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On the heels of its expanded partnership with Facebook, Spotify this morning announced new sharing features that broaden the way Spotify content, including both music and podcasts, can be shared across social media. As part of this, Spotify’s Canvas feature, which adds a looping, visual art experience to songs, is being improved. Spotify will also now allow users to share a timestamped link to a podcast, which allows users to tune into to a particular moment of the podcast episode.

Previously, if you wanted to share a podcast episode, you could only post the link to the entire episode. But many times, people want to comment on or discuss a particular part of an episode. Now, they’ll be able to do so by using the “switch to share” feature at the current playtime, after tapping the “share” button while listening to the show.

This is toggle switch that lets you share from the timestamp where you’ve paused the show. After turning this one, you’re able to choose where you want to share to — like Instagram, Facebook (Stories or Feed), Snapchat, Twitter, WhatsApp, SMS, and more.

The feature could also potentially be used for podcast marketing purposes. Typically, creators post an interesting clip from their latest episode that includes a link to the episode. But Spotify’s new feature could entice someone to tune in at a particular part, then continue listening. They may even choose to follow the podcast after doing so, as they’ll have already found themselves in the Spotify app. While it may not replace other marketing — not everyone uses Spotify, after all — it could serve as a handy supplement to the creator’s existing promotional activity.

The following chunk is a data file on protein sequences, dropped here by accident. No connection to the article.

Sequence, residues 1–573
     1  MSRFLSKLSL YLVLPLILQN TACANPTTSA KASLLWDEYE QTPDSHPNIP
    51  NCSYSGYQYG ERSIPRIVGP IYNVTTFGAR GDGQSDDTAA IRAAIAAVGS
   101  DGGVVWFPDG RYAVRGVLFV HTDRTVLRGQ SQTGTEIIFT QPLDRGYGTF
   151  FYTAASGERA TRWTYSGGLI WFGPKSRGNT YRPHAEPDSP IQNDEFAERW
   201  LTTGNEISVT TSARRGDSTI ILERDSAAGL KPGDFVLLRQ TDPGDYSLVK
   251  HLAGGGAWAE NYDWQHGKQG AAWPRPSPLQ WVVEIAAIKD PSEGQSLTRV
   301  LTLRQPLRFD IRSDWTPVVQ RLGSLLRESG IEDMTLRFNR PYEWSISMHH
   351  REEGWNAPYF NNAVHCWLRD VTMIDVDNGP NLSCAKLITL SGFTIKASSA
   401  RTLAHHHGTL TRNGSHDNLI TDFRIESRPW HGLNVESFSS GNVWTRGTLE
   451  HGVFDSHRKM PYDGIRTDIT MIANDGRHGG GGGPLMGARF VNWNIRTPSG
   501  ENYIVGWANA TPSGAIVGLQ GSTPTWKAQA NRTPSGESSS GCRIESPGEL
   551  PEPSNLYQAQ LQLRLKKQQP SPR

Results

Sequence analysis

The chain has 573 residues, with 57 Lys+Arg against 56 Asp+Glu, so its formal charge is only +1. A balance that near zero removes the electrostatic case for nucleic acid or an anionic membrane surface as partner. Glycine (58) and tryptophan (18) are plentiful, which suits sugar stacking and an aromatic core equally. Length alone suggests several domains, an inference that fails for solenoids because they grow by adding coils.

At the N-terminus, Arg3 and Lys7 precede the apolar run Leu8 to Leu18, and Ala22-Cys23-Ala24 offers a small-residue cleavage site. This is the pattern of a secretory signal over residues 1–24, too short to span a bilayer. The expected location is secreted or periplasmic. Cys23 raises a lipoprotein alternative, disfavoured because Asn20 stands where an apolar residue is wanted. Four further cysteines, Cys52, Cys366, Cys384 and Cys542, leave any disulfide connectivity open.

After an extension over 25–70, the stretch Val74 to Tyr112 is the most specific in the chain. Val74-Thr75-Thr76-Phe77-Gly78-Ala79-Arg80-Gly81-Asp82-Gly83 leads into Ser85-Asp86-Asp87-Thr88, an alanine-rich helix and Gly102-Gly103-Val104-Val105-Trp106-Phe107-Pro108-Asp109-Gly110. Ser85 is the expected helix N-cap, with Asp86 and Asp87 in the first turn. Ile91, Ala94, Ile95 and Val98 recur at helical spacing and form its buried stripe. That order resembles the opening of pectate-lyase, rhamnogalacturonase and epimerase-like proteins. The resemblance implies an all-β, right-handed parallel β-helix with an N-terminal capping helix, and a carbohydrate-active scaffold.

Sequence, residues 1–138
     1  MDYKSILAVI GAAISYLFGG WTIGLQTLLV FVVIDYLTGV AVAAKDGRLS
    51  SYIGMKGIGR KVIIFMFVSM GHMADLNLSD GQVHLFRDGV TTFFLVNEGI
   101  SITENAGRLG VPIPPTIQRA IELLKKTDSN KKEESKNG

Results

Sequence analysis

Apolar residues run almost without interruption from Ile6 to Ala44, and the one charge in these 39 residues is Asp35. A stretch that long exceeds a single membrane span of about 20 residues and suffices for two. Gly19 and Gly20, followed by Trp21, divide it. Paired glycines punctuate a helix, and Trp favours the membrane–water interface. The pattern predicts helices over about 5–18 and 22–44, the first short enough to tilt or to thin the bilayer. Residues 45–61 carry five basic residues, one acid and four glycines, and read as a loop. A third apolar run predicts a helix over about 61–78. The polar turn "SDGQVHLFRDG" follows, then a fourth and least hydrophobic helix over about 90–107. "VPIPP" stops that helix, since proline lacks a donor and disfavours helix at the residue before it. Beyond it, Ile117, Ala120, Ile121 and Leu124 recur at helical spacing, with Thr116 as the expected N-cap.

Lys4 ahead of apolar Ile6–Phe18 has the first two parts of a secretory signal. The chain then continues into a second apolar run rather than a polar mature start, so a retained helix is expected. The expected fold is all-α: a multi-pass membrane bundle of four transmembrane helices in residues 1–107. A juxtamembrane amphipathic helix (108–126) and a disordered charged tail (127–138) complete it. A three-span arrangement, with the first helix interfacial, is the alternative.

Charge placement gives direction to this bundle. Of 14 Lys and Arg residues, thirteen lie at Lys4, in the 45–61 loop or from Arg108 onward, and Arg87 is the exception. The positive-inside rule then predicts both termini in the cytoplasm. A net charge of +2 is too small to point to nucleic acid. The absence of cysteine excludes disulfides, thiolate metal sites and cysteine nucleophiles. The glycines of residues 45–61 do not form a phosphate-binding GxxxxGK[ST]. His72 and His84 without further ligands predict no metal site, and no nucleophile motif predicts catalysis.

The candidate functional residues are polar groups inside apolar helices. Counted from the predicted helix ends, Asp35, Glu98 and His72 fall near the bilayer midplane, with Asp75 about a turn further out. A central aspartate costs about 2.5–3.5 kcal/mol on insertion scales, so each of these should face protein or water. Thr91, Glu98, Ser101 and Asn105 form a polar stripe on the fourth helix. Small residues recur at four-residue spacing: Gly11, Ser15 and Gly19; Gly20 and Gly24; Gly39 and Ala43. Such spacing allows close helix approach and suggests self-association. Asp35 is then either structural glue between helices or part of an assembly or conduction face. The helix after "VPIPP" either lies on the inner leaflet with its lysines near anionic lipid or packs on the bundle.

The update to Spotify’s Canvas, meanwhile, is a smaller improvement. Now, users are able to preview their social share across Instagram Stories and now Snapchat, to see how it will appear. Before today, Canvas art could only be shared to Instagram Stories.

Spotify notes that social sharing features had become a more important aspect of using its service during the pandemic, as in-person concerts and fan events had been shut down. Artists and creators still want to engage with their fans, but have had to do so remotely and digitally. And fans want to support their favorites by posting their content to social networks where others can discover them, too.

The new sharing features are a part of Spotify’s larger investment in expanded social media distribution, which recently led to its partnership with Facebook on something the social network called “Project Boombox.” Facebook in April introduced a new miniplayer that streams Spotify’s music and podcasts from the Facebook app. That way, users can listen while they scroll, with Spotify playing in the background. But Spotify’s deal with Facebook doesn’t limit it from making it easier to share to other platforms, as well, as these new features indicate.

Spotify says the new features are rolling out now to global users on both iOS and Android.